• Examining The Impact of Campus Intramural Sports Participation on Students’ Sense of Community Using A Pre-Test Post-Test Design

      Arkell, Stephen; Applied Health Sciences Program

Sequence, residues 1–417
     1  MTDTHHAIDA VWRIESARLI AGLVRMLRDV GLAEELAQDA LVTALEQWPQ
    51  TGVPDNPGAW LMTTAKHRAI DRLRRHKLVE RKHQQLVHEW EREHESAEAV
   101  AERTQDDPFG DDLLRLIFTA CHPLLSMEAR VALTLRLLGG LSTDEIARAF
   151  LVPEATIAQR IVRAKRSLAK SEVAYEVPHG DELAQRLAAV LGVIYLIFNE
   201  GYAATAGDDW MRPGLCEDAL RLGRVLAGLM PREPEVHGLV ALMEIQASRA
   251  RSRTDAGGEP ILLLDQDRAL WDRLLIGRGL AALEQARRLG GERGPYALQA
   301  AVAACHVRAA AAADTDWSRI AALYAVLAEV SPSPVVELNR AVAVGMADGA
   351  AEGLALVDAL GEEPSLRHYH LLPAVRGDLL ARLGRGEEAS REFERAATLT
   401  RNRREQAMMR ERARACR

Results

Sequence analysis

Participation in out-of-class activities and campus recreation/intramural sports are some of the most popular activities for students on college campuses and one of the most beneficial social outlets for students. However only recently has this connection been examined more deeply. Due to the overwhelming number of students participating in these programs and services it is important to examine the impact of participation in an attempt to better understand the degree to which involvement in campus recreational sports contributes to students’ sense of community. The purpose of this quantitative pre-test post-test study was to examine changes in students’ perceived sense of community over the duration of an intramural season. One hundred and forty-seven intramural participants (N=147) completed a pre-test questionnaire on their first week of their intramural sport season and a post-test on their last week of their intramural sport season. The initial plan of analysis to complete a Repeated Measures Multiple Analysis of Co-Variance (MANCOVA) was stopped promptly due to high mean scores from participants. For each question and factor the data was so consistently skewed and high it was simply not normally distributed leading to assumptions to be broken immediately. A Non-parametric design model Wilcoxon signed-rank test was used to analyze the data instead which indicates that there was not a significant change testing factors mean score ranks between the pre and post-test. This finding demonstrates that there was not a significant difference in participants perception of sense of community but rather participants had high perceived feelings of sense of community both times they were tested. This study supports the findings of previous research which has found that those students who are involved in recreational sports in a post-secondary environment receive both perceived feelings of sense of community but also relationship building opportunities and experiences. Future research should focus on studying perceptions of sense of community and to explore other areas of a campus community, such as; clubs, varsity sports teams, events, etc. Through studying other areas of a campus community there would be the ability to indicate if there are differences or similarities between feelings of sense of community by specific programs.